Faulkner’s River of Time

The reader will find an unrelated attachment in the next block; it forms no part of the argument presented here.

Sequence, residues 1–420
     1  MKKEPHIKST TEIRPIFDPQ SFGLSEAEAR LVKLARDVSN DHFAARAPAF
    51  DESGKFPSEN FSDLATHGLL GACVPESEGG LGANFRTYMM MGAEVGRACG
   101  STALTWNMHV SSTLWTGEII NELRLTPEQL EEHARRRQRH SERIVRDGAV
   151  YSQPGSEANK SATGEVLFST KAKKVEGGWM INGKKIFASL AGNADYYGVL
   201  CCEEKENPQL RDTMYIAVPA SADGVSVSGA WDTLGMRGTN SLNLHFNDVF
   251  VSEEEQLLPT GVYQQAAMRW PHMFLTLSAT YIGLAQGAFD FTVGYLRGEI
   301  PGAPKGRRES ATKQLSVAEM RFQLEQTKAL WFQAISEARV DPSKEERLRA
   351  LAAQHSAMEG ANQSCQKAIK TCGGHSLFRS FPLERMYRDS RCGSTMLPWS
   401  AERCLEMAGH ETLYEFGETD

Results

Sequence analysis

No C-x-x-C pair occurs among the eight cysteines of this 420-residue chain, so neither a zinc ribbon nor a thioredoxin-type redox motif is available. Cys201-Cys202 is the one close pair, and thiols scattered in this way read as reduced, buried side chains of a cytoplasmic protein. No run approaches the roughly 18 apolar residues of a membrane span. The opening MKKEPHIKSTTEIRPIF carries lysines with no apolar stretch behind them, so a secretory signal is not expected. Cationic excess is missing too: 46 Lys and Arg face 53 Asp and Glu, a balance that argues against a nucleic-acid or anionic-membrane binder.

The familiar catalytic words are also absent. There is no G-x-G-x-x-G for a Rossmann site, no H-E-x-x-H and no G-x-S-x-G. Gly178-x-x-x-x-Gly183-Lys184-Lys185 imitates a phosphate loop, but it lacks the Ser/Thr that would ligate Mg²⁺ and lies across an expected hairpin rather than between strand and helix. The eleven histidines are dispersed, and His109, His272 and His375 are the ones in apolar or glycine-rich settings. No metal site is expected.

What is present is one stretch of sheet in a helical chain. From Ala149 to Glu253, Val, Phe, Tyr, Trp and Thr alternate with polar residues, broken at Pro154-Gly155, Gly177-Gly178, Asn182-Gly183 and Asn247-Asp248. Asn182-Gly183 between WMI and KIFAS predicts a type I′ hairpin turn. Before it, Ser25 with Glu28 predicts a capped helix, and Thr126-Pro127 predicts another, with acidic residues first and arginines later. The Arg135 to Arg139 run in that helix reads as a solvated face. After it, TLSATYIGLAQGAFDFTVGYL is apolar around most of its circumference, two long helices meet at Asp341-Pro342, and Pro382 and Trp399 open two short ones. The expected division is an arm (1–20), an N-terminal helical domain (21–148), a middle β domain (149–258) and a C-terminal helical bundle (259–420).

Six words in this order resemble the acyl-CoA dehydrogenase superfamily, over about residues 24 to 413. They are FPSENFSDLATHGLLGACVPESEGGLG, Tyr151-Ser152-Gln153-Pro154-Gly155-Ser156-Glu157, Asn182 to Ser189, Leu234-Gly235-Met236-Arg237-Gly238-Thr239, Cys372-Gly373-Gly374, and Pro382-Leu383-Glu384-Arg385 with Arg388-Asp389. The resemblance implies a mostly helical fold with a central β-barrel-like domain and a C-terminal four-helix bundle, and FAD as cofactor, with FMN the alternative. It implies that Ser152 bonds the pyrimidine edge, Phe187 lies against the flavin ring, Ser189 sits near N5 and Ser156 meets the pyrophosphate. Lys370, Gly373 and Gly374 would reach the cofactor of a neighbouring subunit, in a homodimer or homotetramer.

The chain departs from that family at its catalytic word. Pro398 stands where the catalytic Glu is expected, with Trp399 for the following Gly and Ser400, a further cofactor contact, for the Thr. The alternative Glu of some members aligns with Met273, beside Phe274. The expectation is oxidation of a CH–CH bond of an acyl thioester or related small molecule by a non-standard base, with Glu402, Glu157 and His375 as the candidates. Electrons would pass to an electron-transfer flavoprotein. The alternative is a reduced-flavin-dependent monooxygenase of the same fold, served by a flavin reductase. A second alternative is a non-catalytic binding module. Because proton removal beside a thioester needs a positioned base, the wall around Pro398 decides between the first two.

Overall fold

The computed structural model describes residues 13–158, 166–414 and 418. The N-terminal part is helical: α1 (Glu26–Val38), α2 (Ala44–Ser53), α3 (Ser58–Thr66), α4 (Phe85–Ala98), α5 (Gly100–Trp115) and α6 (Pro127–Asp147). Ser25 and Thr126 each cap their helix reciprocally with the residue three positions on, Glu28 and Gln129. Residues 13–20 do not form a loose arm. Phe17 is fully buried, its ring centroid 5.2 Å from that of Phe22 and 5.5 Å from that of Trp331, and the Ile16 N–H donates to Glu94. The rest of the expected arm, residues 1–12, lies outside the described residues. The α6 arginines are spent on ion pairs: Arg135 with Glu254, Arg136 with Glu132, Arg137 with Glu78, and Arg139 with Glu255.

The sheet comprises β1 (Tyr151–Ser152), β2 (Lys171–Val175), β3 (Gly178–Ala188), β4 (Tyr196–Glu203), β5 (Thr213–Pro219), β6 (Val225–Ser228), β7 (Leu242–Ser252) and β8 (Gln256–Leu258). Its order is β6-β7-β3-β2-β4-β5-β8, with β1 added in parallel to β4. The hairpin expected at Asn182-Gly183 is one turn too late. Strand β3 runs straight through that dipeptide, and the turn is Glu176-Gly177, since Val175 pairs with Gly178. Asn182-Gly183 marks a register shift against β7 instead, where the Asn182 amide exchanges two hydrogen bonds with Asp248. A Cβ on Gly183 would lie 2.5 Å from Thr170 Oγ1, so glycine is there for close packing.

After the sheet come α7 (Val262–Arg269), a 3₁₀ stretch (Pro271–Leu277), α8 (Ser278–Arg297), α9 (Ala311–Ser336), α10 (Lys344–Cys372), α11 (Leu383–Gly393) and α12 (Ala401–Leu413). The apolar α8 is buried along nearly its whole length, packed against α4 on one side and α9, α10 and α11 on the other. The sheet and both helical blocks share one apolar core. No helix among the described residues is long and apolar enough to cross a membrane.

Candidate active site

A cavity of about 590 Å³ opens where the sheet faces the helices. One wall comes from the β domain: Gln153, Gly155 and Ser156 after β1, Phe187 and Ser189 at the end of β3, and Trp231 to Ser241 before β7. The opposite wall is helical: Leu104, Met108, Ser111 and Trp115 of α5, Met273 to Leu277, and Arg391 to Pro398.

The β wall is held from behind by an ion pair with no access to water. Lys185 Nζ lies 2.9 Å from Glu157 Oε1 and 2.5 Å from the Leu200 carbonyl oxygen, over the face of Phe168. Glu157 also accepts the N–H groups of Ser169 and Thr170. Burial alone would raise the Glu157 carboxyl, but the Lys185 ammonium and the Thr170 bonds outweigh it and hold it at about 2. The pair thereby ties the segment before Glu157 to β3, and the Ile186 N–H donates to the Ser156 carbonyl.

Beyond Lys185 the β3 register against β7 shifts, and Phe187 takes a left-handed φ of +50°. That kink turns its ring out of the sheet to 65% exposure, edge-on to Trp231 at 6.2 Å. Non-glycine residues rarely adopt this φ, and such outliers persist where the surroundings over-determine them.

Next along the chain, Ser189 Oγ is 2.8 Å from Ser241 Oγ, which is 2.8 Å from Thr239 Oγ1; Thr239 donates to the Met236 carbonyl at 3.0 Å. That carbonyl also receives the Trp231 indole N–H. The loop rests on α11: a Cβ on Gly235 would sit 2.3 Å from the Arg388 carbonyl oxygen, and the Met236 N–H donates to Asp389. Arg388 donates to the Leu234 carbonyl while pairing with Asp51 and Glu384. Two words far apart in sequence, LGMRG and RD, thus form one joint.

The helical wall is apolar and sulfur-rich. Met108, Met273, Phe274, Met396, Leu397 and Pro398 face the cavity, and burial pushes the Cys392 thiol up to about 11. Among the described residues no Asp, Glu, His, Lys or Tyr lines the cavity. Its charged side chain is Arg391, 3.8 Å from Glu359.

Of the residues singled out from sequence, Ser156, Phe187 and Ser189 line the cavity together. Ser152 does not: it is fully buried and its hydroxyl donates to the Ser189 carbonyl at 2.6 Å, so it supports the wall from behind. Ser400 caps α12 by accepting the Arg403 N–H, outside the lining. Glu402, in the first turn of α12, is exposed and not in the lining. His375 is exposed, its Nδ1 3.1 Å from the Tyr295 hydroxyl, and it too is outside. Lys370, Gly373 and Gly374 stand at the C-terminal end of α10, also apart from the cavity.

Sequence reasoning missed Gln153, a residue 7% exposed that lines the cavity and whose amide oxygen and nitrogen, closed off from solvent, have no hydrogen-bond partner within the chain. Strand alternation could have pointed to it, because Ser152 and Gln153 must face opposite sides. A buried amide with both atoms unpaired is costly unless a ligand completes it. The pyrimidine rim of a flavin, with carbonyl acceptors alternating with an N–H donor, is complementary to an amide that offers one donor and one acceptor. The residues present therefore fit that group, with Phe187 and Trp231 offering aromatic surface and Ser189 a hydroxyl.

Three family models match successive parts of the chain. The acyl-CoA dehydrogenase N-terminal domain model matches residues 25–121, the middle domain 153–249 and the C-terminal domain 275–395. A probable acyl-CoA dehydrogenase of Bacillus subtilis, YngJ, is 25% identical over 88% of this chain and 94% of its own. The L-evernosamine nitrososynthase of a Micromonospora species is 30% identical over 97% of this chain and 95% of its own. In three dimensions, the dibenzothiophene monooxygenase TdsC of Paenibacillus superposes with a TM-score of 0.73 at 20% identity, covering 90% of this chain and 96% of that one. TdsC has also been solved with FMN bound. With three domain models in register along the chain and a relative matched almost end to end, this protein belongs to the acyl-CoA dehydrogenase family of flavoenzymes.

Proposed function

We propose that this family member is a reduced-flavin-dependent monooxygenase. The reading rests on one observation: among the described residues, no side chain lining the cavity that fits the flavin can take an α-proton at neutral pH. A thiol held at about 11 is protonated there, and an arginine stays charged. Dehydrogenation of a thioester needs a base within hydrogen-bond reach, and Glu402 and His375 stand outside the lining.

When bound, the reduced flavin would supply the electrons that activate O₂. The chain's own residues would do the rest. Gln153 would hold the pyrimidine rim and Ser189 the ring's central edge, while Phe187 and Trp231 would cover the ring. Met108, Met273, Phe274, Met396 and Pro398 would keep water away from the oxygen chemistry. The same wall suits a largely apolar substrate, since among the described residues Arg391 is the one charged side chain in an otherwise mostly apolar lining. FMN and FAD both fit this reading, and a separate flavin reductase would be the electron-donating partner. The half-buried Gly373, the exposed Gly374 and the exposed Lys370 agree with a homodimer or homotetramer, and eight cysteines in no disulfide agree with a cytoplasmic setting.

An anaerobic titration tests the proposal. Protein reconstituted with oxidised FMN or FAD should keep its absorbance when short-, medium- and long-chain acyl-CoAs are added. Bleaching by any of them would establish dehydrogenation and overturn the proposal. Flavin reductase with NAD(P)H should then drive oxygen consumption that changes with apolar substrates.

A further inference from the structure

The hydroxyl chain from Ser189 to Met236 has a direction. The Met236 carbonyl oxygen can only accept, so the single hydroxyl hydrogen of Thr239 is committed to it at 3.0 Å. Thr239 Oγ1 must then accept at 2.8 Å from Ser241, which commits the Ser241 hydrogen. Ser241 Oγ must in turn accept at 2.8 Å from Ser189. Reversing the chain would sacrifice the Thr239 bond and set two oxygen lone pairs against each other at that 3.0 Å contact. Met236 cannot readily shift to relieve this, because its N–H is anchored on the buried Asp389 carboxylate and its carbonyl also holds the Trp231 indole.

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William Faulkner envisioned time as something purely subjective, violently turbulent and yet that which could grant hope and redemption. Time became something that above all else (as it was to embody modernism’s study of medium rather than object) was definitive in understanding man’s approach to the world. Such was Faulkner’s idea of time’s consequence that he let it come sweeping down through the Compson siblings’ lives in his novel, The Sound and the Fury, hurtling Caddy, doomed, toward “dishonor and shame,” leaving Benjy, “neuter… eyeless…groping,” wandering lost in the past, unaware of any future, driving Quentin toward “oblivion,” letting Jason seethe in an endless rage, and finally passing Dilsey, untouched, “to stand above the fallen ruins” embodying eternity and hope (Faulkner p. 231). Thus, each of his characters relation to their temporal experience became their defining characteristic, where the obsessive nature of the mind splintered the established conception of chronological time. Moreover, the Compson story is one told in layers of narration, with each shift in perspective attempting to illuminate and render Faulkner’s vision of Caddy’s tragedy and courage. Each of these strains of narrative is a composed fragment of a larger unattainable truth, a distortion of what has happened, brought on by the obsessive quality of the mind such that only through the multiple tellings of Caddy’s submission to Dalton Ames does clarity emerge. This was Faulkner’s – as one of the helmsmen of American modernism – attempt to break away from the “omniscience that denies the reality of time”(Borg p 289). As modernists began to focus on the mechanism of how the story was told, rather than the story itself, straightforward linear tempo...

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